I find Jesus in the Kitchen


I work at a hotel. Most days, I’m either working the front desk from 5:45 am until whenever I get off, or I’m working my backside off cleaning up the messes of a small town. Sometimes the mess belonged to a man who left his wedding ring in the room because he wasn’t staying there with his wife, sometimes a group of very messy Mexican workers who cook moldy burritos in the microwave and have idols and candles to worship the goddess of death who will keep them safe. I work for a Hindu woman whose parents were Indian and emigrated from India to South Africa. I learn a lot from her about God, and she inspires me to spend more time with Him. Her ideas of culture and God coincide with mine some days, but other days, they are very different. Other days, I get very frustrated with her lack of patience for people who are doing their very best to help her. Some days my frustration for this place makes it hard to feel like Jesus is present anywhere in or around me, like I’m in any way making a difference in the midst of all the things I see: the drug addicts with “Do Not Disturb” signs on their doors, the men coming in month after month with increasingly younger women, never wanting receipts that would incriminate them, the coworkers who struggle through things I never could have imagined struggling through. Sometimes, Jesus seems a little far in that.

This morning, I was standing at my kitchen counter making breakfast. I was cutting mushrooms and potatoes, I had just thrown a baked oatmeal in the oven, and my eggs were ready to be scrambled, my sink was overflowing with dishes because I haven’t been home very much this week because of work, more dishes still were stacked on the table from Thursday night’s dinner, I have 3 loads of clean laundry from several days ago in my bedroom that need to be folded. My house becomes chaos some weeks. Standing there at my pumpkin colored countertops slicing food for my breakfast with my husband with my worship music playing, I felt Jesus so near and close to me. Since then, the phrase “I find Jesus in the kitchen” has been lodged between my ears. It’s been an anthem of sorts, telling me that even in the midst of chaos, I can find Jesus in these moments that seem so insignificant.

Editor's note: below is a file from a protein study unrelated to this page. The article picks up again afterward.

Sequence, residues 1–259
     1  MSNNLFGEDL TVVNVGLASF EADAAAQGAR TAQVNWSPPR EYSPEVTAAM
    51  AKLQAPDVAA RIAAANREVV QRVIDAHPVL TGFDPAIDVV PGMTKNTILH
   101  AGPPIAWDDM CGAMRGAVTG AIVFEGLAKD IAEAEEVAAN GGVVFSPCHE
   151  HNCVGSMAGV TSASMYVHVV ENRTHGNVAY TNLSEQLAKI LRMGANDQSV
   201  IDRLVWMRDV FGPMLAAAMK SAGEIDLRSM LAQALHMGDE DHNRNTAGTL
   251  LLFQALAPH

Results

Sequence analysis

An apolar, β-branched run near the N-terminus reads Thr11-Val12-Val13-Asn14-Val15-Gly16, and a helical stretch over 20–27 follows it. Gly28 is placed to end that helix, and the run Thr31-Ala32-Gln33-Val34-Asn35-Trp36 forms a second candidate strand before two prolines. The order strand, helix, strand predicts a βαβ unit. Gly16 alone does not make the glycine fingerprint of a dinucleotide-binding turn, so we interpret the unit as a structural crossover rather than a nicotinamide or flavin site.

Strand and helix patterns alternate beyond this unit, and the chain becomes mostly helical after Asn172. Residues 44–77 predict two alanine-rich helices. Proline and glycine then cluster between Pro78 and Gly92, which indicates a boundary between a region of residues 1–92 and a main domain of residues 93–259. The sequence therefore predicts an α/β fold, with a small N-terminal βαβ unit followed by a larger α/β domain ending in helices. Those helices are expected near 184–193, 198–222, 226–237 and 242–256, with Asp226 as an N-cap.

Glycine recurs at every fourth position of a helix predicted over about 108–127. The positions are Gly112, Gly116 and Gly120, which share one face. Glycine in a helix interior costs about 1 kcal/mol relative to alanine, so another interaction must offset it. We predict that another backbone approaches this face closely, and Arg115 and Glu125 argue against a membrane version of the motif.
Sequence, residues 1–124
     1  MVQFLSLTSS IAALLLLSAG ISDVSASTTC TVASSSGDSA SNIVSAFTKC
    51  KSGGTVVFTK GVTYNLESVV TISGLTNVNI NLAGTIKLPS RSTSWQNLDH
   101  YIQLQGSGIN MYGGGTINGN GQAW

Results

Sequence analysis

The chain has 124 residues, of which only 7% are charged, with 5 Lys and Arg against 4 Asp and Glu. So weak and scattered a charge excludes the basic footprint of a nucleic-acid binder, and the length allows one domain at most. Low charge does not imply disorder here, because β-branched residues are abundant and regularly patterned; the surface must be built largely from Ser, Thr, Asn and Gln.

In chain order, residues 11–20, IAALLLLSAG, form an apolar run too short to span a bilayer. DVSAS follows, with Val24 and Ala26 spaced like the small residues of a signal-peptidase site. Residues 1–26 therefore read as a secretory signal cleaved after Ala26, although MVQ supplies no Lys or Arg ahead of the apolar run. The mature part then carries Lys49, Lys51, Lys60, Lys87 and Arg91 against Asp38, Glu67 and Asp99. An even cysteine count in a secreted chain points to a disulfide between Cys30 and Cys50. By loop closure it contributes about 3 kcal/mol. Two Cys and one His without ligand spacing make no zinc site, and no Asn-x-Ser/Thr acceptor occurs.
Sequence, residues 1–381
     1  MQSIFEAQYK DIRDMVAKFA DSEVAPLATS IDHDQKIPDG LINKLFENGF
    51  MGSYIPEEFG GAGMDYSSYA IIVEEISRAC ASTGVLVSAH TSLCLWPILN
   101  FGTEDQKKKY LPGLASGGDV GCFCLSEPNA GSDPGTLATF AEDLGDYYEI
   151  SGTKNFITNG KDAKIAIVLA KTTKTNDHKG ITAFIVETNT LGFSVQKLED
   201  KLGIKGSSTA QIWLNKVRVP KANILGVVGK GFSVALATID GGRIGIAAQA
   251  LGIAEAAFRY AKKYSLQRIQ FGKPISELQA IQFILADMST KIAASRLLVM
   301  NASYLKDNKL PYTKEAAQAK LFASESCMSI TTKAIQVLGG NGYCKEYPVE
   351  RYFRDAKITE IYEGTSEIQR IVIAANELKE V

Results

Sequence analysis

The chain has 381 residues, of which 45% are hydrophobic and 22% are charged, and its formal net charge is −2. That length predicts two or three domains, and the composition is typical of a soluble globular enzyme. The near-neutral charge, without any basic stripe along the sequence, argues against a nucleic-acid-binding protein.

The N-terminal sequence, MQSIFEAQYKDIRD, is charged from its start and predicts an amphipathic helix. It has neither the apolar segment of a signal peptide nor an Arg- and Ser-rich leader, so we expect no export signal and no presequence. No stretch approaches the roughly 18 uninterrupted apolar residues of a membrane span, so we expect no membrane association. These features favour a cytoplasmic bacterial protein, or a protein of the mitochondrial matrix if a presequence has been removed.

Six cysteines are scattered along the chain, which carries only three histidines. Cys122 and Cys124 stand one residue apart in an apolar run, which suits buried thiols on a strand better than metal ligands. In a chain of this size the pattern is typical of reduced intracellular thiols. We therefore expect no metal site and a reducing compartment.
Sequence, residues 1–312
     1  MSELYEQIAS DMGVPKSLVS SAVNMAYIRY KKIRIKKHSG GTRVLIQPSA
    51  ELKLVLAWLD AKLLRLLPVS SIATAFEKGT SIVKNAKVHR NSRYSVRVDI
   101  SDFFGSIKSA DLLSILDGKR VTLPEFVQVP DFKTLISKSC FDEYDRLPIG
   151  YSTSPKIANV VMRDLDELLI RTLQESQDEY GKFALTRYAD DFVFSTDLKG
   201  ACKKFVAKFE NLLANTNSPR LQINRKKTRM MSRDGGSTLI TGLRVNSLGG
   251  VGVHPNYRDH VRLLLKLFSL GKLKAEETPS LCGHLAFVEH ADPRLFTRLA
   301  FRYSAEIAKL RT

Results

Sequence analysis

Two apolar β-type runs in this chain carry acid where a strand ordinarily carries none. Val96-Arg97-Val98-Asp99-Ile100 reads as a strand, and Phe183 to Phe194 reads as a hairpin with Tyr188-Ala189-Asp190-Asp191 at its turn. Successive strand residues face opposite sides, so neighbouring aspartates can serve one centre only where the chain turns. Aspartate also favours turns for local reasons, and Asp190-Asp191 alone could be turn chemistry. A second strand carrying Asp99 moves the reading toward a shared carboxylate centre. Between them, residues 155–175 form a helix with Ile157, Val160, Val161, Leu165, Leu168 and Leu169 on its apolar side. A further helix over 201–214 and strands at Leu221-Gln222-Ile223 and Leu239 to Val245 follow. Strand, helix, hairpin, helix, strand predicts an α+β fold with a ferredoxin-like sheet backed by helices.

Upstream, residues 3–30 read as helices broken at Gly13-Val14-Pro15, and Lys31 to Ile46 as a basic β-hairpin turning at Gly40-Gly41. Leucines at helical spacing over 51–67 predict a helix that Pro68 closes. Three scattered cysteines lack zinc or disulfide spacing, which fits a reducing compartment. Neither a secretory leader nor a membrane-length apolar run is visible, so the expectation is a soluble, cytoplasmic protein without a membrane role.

Jesus is in my mountain of dishes that reminds me I didn’t have time to do them because I have a job where I can excel and solve problems and work with my hands, and because we had company over and spending time with our friend is a beautiful blessing. Jesus is in a pile of diced potatoes and Baby Bella mushrooms and the aromatic garlic cooking in coconut oil. Jesus is in that baked oatmeal in the oven baking all warm and cinnamon-y for our friends at church. Jesus is in the small moments reminding me that He’s provided space for me to serve my husband and our friends and the people I work with and to do things, like cooking, that I love doing so much.

My worship music played and I couldn’t do anything but smile, sing a little louder, and bask in the presence of Jesus I could feel swelling through me and around me in my little kitchen telling me again and again, “No matter who you are or who you’ve been, I’m still here filling every little moment of your life with gifts and building you into who you will become. I’m not done with you yet.”

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Cacophony


Photo Jul 25, 8 32 37 PM

He is the helper of my daily unbelief

My hourly falling

The filler of my spirit’s hunger

He fills me with wonder that I couldn’t conjure

He alleviates the poverty of the street rat that is my heart

I wander around and search for answers

I scramble for control

I’m desperate to know I’m right

Desperate to know I’ve walked more correctly

As though I can assemble hope myself

As though I could die for my own sins

I listen to too many voices

They get cacophonous and I can’t sort them

One tells me I’m wrong

Another tells me I’m right

A third tells me it doesn’t know

And still a fourth tells me I’ve got no time